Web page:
John Macone, Former Esports Advisor, for NGame Esports shares his perspective about the partnership between Warriors Gaming Squad and banking institution Chase.
Warriors Gaming Squad signs a partnership deal with major bank Chase which include financial literacy sessions. This can be a huge advantage in recruiting new players. How can other esport organizations learn from this?
As esports become a more prominent field where organizations must incentivize themselves to potential recruits, benefits and perks that support players’ livelihoods can go a long way. Initiatives like team housing, salaries, and equipment from sponsors are a growing standard, but supplementary needs like professional counseling, health insurance, financial assistance, and fitness and nutritional instructors can differentiate themselves from the competition.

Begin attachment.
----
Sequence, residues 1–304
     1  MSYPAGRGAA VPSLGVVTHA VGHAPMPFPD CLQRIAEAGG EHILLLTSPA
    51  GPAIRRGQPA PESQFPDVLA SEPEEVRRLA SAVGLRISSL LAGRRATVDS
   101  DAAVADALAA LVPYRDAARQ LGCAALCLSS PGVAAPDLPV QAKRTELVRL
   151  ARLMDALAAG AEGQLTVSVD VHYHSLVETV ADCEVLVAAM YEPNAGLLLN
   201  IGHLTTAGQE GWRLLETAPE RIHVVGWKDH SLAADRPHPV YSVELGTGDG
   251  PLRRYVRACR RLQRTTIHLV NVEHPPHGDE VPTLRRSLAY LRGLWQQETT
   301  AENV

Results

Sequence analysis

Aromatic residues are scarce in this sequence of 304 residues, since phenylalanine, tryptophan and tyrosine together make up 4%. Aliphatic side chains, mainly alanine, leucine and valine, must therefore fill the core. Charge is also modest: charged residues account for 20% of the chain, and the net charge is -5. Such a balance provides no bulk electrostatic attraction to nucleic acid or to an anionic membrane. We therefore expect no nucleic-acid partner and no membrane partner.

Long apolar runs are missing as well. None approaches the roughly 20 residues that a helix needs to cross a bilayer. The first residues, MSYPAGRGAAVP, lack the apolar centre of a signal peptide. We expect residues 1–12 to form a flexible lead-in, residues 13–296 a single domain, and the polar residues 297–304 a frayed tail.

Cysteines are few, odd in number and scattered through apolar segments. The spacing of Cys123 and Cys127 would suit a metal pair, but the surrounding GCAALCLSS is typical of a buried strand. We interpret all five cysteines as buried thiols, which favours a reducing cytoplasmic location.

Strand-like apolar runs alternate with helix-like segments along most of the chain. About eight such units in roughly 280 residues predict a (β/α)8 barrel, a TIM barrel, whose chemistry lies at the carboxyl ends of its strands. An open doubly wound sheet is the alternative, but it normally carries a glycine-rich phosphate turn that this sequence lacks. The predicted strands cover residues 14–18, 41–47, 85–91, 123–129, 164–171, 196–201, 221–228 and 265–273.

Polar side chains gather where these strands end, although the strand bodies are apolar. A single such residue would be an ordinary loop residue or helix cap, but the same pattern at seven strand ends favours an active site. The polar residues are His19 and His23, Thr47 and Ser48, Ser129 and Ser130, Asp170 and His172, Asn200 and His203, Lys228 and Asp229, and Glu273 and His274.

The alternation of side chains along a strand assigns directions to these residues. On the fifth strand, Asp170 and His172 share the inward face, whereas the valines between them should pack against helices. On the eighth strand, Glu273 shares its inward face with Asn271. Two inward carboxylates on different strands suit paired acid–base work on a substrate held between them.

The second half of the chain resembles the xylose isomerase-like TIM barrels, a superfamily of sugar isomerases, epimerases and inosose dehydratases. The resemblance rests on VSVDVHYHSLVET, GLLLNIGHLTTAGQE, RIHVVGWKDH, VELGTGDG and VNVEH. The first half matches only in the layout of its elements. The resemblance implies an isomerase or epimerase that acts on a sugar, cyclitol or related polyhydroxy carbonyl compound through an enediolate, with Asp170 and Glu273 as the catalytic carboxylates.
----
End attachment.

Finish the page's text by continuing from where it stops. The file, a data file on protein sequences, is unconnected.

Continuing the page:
Should teams/organizations institute the financial literacy sessions within the individual players’ schedule or should these be executed in a team group setting?
I would recommend that financial literacy sessions be conducted within individual players’ schedules. Many players have different financial needs, wants, and concerns, which can be compromising to team trust if forced in a group setting. This also encourages players to feel that their individual needs are being met, an integral process of recruitment and retention. This is much the same way as one would expect a nutritionist or physical therapist to operate, allowing them to also be more comprehensive and specific to each players’ situation.